5. Get busy. This may sound counter-productive to #4, but when an intensely horrific emotional event has happened, often the best medicine as a way to silence our worries, is to throw ourselves into a project, work or something that is physically or mentally challenging. So much so, that the brain has to focus on that one task and is not able to wander to worry. While there must come a time to slow down and assess (because we can’t run from what scares us forever if we wish to live a contented life), until we have some distance, sometimes the best thing is to focus on something that is productive, purposeful and distracting.
6. Sit down regularly and self-assess. One of the ways I have found to be the best when it comes to ensuring I don’t make the same mistake twice and to be certain I am doing the best that I can to achieve my goals is to regularly self-assess. Benjamin Franklin was quite regular in this practice, sitting down every evening to pause, reflect, gain wisdom from his mistakes and ascertain what he should do the following day to productively move forward. While you may not want to do it every day (although, your evening journal time would be a great time to indulge), make it a habit to structure your life to include this valuable routine.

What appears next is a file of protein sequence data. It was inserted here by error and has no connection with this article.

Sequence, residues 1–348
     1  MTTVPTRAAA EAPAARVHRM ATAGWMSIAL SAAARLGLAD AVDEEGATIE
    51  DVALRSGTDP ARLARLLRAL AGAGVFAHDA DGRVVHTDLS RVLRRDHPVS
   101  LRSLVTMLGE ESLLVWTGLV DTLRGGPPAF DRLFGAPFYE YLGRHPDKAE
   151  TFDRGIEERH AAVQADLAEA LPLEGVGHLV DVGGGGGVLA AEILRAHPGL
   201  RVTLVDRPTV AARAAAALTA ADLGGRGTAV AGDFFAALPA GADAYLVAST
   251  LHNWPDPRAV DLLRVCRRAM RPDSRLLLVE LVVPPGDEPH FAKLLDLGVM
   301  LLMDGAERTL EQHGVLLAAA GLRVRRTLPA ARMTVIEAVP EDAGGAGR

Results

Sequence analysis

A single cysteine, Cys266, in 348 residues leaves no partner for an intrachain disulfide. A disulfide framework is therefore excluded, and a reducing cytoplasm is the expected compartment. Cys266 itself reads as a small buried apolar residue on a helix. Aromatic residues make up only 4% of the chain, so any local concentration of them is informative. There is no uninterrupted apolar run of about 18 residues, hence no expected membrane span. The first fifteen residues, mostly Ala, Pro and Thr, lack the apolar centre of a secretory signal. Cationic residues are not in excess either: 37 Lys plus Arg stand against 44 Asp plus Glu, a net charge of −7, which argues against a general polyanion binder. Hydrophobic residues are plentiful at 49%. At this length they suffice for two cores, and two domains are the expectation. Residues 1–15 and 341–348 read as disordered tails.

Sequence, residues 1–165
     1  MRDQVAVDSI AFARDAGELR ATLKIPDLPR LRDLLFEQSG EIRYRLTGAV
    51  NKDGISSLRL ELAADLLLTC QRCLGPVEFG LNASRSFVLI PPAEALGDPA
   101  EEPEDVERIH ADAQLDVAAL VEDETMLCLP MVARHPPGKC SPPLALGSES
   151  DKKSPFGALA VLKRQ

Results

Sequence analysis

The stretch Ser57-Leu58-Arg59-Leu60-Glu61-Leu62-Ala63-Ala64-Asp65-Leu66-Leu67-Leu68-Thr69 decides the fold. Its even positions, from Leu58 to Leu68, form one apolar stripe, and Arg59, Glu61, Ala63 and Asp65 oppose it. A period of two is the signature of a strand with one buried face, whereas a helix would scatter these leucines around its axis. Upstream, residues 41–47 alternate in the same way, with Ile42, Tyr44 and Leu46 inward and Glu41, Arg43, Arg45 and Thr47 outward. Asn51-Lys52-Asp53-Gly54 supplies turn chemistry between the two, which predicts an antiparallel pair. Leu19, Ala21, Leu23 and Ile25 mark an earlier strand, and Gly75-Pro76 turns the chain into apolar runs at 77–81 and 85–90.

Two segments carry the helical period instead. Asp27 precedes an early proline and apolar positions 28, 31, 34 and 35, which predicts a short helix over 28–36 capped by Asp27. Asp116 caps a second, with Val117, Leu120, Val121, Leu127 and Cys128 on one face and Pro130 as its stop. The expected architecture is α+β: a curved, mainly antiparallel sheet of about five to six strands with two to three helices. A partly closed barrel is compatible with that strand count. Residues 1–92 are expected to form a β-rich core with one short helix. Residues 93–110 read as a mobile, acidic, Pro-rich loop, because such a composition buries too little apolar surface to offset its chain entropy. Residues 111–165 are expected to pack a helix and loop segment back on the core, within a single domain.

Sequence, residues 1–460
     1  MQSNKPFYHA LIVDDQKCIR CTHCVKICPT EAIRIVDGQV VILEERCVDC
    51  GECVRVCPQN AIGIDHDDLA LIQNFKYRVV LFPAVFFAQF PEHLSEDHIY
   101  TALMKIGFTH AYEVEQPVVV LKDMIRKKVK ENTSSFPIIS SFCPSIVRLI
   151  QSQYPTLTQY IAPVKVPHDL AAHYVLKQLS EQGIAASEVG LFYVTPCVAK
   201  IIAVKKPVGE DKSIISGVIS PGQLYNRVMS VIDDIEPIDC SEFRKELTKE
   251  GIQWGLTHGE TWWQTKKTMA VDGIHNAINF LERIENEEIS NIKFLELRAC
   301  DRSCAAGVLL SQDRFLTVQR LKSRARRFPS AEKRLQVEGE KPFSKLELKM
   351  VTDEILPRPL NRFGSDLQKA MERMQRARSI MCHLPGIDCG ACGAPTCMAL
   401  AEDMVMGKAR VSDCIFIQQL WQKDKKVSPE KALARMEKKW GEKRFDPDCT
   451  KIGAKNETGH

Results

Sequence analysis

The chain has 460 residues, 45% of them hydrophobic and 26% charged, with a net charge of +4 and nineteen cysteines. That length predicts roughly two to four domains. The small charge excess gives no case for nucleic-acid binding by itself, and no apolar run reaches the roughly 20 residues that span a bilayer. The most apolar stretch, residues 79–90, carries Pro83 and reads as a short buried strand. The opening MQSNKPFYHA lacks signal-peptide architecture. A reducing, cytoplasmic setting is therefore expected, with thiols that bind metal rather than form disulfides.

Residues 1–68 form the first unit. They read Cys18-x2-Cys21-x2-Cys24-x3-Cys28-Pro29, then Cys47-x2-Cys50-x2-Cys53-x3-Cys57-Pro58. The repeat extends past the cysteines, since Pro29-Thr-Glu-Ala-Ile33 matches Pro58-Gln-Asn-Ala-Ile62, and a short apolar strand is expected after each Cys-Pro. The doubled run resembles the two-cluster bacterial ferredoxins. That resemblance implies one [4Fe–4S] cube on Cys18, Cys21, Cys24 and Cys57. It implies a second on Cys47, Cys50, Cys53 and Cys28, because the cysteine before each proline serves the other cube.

7. Ignore unjust criticism and see it as a compliment. Keeping today’s quote in mind, while gathering constructive criticism is important, what makes it constructive is knowing that it is coming from a credible source that has no ulterior motive. And more often then not, if naysayers are taking the time to speak up, its because they see you rising, standing out or doing what they wish they could.
8. Do your best and let it go. Perfection is impossible, so there will never be an instance when everything goes off without a hitch. However, you can control whether or not you bring your best self, performance and preparation to the table. So long as you know you did your best at that given moment based on the experience and resources you were able to gather, let the criticisms that come roll off your back. Had you known better, you would have done better. And be sure that you do so next time.
9. Don’t waste a minute on your enemies. At some point in your life someone may have hurt you or you may have been unjustly wronged, but it is wasted time, energy and chances for potential opportunity to give them any of your thoughts. Move forward and let the past worry about itself. Stay in the present.